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Looking for opinions

Saturday, April 7th 2018, 9:20pm

I am pressure testing my GPU loop.
The test loop consists of two GPU Blocks and a Kryoconnect, essentially a very small chamber.

I experienced a pressure drop of ≈0.02 bar over 6 hours.
Is that acceptable for this volume?

start:


6 hours later:

Dundys

Full Member

Saturday, April 7th 2018, 9:43pm

Good question I would be interested to know that as well :)

This post has been edited 2 times, last edit by "Dundys" (Apr 7th 2018, 9:53pm)

CoAff

Junior Member

Wednesday, April 11th 2018, 12:28am

I don't believe pressure testing is something necessary. These systems aren't under high pressure in by any means. Your requirements should be listed with the pump you're utilizing. Um, something like the pump being able to lift three metres. Testing normally is comprised of filling the loop and then checking for leakage. That testing can be done outside of your final installation and would be far more indicative of whether a fault would present itself, no?

I mean, if the loop is sealed and you add pressure, you're basically testing variation in ambient temperature and how that effects the captured volume. Which may explain the pressure drop you see.

aquacc32

Junior Member

Wednesday, April 11th 2018, 3:00pm

Also consider:
I think very small particles in the water will seal any microleaks.
I once experienced this with a pump adaptor sealed with teflon tape. It leaked a few drops but that stopped after 1-2 days and it's dry since then.

Dundys

Full Member

Wednesday, April 11th 2018, 4:42pm

This is only my opinion and how I see Dr.Drop fitting into this testings and any testing you conducting.

My loop is big and quite complicated consists of 3x GPUs, CPU, 4x D5 Pumps, 2x High flow USB meters, 8x 12TB WD Enterprise drives in which 2 of them are watercooled, they are at the back where no air is possible + 4x 480 Nemesis Radiators and ton of hard tubing.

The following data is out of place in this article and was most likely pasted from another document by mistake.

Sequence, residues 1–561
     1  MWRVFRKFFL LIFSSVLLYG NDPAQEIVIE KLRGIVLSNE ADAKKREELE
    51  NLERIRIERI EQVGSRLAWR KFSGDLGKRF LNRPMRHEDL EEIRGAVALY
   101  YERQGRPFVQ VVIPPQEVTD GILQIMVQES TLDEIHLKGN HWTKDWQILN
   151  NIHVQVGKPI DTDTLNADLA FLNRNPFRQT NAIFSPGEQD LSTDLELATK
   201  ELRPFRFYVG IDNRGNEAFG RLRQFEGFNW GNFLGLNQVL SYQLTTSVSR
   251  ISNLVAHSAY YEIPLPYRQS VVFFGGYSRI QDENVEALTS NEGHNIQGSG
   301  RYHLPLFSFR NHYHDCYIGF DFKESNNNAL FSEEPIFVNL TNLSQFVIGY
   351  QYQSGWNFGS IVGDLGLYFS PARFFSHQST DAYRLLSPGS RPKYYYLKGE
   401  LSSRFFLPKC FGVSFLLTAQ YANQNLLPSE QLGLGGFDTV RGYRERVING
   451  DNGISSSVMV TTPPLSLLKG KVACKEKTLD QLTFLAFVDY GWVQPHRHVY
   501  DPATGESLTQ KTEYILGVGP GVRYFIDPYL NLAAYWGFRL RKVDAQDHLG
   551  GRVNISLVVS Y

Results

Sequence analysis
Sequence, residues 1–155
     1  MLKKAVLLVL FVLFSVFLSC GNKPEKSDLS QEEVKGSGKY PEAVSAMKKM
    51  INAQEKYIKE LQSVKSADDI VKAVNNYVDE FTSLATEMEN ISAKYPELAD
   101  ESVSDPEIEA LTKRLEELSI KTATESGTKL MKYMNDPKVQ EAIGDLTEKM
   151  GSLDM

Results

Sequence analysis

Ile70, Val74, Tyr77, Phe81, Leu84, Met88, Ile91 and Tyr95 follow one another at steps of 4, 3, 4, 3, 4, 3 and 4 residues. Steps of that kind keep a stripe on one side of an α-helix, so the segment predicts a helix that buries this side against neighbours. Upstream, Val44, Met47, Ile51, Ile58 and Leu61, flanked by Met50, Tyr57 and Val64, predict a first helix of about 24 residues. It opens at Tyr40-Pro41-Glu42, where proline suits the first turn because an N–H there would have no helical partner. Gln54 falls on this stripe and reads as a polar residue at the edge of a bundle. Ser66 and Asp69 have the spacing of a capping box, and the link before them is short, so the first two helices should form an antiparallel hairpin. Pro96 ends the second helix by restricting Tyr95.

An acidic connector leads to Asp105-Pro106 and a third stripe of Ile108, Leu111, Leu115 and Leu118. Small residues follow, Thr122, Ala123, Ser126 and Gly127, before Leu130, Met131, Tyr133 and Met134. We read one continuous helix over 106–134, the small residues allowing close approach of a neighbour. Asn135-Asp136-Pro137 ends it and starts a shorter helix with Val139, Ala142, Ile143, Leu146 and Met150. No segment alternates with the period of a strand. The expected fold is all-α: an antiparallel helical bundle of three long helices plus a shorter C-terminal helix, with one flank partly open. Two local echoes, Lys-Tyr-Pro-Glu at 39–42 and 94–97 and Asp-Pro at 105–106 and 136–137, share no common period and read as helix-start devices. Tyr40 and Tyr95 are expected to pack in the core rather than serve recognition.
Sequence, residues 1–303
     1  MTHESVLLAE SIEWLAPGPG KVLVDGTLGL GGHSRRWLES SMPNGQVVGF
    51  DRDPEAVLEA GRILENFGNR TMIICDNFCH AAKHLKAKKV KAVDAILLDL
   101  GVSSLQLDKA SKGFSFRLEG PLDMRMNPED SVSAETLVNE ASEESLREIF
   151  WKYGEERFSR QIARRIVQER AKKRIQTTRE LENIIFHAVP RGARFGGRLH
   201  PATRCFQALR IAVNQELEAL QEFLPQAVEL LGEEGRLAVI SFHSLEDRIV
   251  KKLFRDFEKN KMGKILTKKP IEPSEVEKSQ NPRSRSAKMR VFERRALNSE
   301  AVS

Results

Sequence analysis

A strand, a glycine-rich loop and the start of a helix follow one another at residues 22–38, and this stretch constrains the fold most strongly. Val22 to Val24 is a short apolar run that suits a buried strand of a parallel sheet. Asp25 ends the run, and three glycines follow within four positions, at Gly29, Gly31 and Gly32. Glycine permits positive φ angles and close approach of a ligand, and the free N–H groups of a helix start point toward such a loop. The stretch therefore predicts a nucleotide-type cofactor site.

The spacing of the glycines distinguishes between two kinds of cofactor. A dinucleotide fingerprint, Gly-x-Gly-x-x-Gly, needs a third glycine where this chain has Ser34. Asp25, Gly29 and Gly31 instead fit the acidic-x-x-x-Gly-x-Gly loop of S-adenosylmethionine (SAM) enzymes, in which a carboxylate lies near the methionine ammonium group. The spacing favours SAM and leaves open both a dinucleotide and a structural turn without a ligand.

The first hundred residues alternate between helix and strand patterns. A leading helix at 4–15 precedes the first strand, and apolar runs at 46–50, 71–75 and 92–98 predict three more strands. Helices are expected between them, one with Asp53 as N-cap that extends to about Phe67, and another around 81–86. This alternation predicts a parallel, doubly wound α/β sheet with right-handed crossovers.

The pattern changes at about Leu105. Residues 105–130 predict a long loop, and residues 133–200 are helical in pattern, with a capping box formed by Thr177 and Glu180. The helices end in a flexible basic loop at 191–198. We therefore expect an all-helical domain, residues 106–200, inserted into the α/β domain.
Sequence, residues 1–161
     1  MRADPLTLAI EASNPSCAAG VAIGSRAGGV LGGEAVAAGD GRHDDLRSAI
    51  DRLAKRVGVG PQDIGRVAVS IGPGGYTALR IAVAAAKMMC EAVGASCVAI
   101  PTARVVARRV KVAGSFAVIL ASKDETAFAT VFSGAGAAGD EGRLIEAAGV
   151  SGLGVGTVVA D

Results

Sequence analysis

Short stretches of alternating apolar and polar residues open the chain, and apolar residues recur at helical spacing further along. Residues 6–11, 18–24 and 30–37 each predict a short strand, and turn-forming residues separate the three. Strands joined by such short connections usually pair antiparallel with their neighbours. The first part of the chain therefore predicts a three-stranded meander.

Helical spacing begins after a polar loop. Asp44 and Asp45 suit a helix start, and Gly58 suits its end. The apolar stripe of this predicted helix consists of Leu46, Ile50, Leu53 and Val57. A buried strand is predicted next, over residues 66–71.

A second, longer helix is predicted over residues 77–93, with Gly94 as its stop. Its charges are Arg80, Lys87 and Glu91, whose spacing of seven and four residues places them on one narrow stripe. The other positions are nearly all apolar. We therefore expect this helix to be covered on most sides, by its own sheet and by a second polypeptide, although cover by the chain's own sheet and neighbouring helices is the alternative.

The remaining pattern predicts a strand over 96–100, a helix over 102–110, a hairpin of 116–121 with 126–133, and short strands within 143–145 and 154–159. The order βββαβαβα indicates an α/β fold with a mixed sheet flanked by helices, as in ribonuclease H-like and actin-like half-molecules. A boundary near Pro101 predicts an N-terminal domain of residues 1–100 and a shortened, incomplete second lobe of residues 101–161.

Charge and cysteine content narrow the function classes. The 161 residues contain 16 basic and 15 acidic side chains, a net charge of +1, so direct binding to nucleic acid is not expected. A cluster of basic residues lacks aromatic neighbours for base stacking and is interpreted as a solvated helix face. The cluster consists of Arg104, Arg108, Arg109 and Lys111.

Why I mention all this, because for me to take any of that apart for any reason is whole day of work and this system to be fully bleed it takes a month, even 2 in order to be as silent and to perform at its peek .

About 5 months ago I took 1 of the GPU blocks apart to see how well the Biocide works with Distilled water and weather I want to continue on using it, its been 2.5 years of constant use. I didn't wan to put the same block back on because I have 3 spare blocks, I always have extra parts in case i needed.

So I put that block on and assembled the loop, filled with water and as always, while filling with water I use external PSU so my system has no power, and what do you know! while the water was going through the system I had very small leak and the water was running at the back along the M/B.
Dr.Drop lets you test your blocks or your whole system prior to assembly or filling with water and I think that might be the main reason for that tool, there should be some allowable pressure drop tolerance so you not wondering if other factors casing the pressure drop but then again, the size and complexity of the loop will play role in readings as well.

That's what I was referring in my first response, if you run the same test with the same staring pressure to see if the pressure drop to the same reading :S

Dundys

Full Member

Wednesday, April 11th 2018, 4:46pm

Also consider:
I think very small particles in the water will seal any microleaks.
I once experienced this with a pump adaptor sealed with teflon tape. It leaked a few drops but that stopped after 1-2 days and it's dry since then.
Hm..with water I honestly think is not as you imagine, once water will find even micro opening, it goes for it and gets worse and if you counting on any particles that might be in your loop to clogged the suppose micro leak/ potential leak, you should check your loop, you shouldn't have any dirt in there.

CoAff

Junior Member

Thursday, April 12th 2018, 10:10am

I won't quote your post with your explanation, Dundys; interesting and appreciated. It makes sense. 8| That's some system.

Thursday, April 12th 2018, 3:46pm

Gas pressure testing a loop in its entirety would indicate a leak if present, but I don't know how one would locate that leak with only gas pressure.

Even so, a gas pressure test is useful if the leak is massive, let's say a missing O-ring on a fitting. Better to take it all apart before the flood.

Gas pressure testing is also useful to test individual components. I am opening up both my GPU blocks & my CPU block, and feel testing their integrity after reassembly will be beneficial. Testing a radiator for leaks is another instance where gas pressure testing is useful.

It's a tool, not magic 8)

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